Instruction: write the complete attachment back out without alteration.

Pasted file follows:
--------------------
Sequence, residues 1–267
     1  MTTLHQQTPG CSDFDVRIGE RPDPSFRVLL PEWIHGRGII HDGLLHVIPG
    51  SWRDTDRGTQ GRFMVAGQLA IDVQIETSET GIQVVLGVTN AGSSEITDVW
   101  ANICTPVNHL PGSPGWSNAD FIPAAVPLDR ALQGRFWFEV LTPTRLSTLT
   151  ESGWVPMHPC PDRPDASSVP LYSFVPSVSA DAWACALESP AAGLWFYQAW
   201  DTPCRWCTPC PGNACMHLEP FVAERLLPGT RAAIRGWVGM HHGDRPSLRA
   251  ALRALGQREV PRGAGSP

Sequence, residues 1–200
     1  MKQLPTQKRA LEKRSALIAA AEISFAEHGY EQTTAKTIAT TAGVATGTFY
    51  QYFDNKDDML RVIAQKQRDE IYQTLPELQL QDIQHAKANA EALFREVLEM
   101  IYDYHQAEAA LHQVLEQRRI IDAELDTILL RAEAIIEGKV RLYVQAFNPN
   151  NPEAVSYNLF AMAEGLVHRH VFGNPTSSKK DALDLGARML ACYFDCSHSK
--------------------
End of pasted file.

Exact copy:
Sequence, residues 1–267
     1  MTTLHQQTPG CSDFDVRIGE RPDPSFRVLL PEWIHGRGII HDGLLHVIPG
    51  SWRDTDRGTQ GRFMVAGQLA IDVQIETSET GIQVVLGVTN AGSSEITDVW
   101  ANICTPVNHL PGSPGWSNAD FIPAAVPLDR ALQGRFWFEV LTPTRLSTLT
   151  ESGWVPMHPC PDRPDASSVP LYSFVPSVSA DAWACALESP AAGLWFYQAW
   201  DTPCRWCTPC PGNACMHLEP FVAERLLPGT RAAIRGWVGM HHGDRPSLRA
   251  ALRALGQREV PRGAGSP

Sequence, residues 1–200
     1  MKQLPTQKRA LEKRSALIAA AEISFAEHGY EQTTAKTIAT TAGVATGTFY
    51  QYFDNKDDML RVIAQKQRDE IYQTLPELQL QDIQHAKANA EALFREVLEM
   101  IYDYHQAEAA LHQVLEQRRI IDAELDTILL RAEAIIEGKV RLYVQAFNPN
   151  NPEAVSYNLF AMAEGLVHRH VFGNPTSSKK DALDLGARML ACYFDCSHSK